Wow, there seems to be an actual municipal election buzz circulating throughout southern Alberta this summer, as community members begin to throw their names in the ring to officially run for mayor, a seat on council or on a local school board.
The election isn’t until October, but the early bird might get the worm — in this case, an early election bid might raise awareness about one’s potential run for municipal political office.
Many communities are beginning to transform, adapt, evolve — and to do that successfully, change is often necessary to do so.
Out with the old and in with the new. Sure, there are some return contenders (and for good reason and merit) — but sometimes, like a Band-Aid, it’s better to rip it right off and start anew with a fresh perspective.
Why not, eh?
But, this is all up to voters. Residents, indeed need to take part in this age-old process — unfortunately, many municipalities have small turnouts for local elections and democracy takes a back seat, and that’s not good for anyone or anywhere.
Local elections are probably the most important elections of all, as municipal leaders guide a community’s day-to-day life.
Local decisions will effect residents directly, be it through bylaws, taxes, road closures, new developments, etc. So why then, do many residents not vote in their municipal election? Do they not care what happens locally in their city, town, hamlet, village, county, M.D., etc.?
Have they given up on politics and politicians (locally, provincially and federally)? An elected politician is like playing boss. A resident/taxpayer is, in essence, the employer of said elected official. Elected official is an employee and a relationship is formed through the simple act of voting a candidate into municipal office to take care of things, so you don’t have to. So you definitely want someone that can take care of the job, well.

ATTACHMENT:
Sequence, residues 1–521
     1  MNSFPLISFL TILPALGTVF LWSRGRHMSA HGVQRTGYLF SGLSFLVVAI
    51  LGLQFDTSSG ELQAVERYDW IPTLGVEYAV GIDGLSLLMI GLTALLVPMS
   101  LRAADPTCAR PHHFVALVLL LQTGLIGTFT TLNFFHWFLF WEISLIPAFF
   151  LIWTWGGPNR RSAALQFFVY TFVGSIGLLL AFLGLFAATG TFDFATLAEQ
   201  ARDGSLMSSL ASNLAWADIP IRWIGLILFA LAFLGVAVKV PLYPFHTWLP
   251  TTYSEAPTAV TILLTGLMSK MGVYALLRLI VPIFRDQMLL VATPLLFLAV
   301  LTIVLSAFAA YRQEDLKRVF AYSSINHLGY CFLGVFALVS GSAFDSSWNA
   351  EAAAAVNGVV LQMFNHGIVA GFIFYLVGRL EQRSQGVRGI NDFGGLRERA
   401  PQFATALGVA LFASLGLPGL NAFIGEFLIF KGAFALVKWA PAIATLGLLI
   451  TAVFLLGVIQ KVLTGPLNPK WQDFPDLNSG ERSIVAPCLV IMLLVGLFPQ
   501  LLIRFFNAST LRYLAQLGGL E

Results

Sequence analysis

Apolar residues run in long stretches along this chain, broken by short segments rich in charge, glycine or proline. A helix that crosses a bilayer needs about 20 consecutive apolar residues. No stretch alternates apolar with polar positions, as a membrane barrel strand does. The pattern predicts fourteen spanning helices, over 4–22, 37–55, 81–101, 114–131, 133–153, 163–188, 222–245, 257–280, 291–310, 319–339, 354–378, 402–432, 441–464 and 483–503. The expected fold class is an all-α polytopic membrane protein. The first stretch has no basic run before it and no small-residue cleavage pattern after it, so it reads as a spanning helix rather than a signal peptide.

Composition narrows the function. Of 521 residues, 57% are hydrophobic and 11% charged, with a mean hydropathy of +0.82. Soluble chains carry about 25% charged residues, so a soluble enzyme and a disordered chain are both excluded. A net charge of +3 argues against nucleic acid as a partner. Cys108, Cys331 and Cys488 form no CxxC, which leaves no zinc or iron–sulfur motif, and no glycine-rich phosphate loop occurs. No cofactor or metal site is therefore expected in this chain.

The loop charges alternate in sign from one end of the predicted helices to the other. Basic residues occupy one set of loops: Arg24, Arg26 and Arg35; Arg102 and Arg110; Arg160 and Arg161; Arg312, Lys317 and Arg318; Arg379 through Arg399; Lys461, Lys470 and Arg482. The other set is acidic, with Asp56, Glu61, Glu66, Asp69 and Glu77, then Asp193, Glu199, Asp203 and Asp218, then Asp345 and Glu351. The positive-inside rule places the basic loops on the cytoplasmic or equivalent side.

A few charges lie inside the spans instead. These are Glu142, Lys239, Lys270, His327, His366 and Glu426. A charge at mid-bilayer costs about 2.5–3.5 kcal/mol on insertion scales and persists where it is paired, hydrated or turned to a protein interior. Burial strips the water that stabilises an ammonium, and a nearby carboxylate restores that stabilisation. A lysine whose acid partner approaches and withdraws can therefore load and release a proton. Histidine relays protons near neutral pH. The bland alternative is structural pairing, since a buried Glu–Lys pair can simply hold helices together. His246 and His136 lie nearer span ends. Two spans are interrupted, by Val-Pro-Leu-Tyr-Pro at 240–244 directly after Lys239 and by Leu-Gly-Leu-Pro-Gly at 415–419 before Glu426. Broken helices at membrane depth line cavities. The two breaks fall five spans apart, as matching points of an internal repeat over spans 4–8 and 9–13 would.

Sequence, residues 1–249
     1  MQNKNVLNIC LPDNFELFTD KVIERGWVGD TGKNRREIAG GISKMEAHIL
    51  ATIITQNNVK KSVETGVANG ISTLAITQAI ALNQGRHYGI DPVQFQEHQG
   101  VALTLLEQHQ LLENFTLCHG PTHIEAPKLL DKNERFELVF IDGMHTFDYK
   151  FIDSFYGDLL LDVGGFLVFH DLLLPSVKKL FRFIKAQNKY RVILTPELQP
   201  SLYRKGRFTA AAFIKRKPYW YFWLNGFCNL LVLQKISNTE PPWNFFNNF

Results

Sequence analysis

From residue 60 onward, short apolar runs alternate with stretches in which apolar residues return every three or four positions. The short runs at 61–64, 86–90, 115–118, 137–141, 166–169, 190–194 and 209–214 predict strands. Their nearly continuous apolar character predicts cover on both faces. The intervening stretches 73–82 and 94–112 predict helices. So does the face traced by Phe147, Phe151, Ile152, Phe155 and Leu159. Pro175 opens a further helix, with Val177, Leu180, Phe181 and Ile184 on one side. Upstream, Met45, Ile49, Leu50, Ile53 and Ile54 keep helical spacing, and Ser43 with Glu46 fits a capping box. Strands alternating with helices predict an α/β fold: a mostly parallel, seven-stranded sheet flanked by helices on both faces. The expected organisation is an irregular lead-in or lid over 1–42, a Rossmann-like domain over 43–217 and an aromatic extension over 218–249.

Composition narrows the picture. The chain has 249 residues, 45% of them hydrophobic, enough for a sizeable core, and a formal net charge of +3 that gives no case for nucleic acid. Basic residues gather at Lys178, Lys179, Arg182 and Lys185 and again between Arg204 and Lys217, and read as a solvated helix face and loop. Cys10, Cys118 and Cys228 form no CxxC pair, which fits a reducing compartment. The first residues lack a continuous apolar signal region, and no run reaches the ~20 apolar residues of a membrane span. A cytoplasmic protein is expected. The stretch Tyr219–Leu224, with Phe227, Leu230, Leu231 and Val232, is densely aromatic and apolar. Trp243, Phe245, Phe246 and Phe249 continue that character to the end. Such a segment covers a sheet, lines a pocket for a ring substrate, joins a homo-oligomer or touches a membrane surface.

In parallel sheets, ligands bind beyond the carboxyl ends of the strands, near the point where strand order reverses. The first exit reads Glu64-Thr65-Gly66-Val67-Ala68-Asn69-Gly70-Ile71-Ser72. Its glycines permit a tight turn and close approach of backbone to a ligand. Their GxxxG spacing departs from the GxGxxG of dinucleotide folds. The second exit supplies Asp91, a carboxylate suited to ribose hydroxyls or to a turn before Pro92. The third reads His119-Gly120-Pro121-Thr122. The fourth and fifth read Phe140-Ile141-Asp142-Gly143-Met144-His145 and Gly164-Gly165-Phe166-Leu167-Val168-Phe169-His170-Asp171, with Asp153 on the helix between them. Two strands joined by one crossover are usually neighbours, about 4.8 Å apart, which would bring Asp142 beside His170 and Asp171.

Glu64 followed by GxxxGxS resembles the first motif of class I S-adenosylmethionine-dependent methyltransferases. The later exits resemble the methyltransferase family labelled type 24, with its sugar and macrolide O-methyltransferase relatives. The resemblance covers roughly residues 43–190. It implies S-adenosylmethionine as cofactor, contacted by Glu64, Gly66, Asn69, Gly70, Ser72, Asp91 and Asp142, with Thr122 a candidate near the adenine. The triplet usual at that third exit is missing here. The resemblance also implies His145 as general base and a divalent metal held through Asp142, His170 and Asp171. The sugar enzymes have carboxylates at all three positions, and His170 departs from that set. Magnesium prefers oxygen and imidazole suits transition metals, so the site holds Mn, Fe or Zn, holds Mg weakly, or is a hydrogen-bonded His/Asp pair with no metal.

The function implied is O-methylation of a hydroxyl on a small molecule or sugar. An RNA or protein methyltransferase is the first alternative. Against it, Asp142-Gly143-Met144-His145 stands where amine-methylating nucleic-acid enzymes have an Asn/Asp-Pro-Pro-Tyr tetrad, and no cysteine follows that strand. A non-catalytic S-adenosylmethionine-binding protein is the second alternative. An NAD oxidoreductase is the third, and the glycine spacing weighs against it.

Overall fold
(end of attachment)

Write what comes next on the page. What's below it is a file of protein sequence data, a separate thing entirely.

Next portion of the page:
Taking a seat on municipal council or on any board should not be taken lightly. Decisions need to be made, without bias and/or with a personal agenda.
Decisions made, should be in the best interests of the community the local government/board serves. Therefore, vetting, research, recon, a little Q & A and debate is good for the voter to proactively explore. With today’s technology, there’s no reason not to be informed about candidates seeking office or a seat on a board.
Council or boards should be created with a diverse collection of individuals. With unique perspectives, differing political, cultural and religious beliefs, and from all walks of life.
This will offer a community the best option for moving forward, without taking steps back. 2021 will continue to be one of the most uncertain and rollercoaster rides of a year. With that, a community’s leadership should be at the ready to hop on — but be responsive, open, respectful and willing to work together, collaboratively and for the people of said community where a candidate is elected.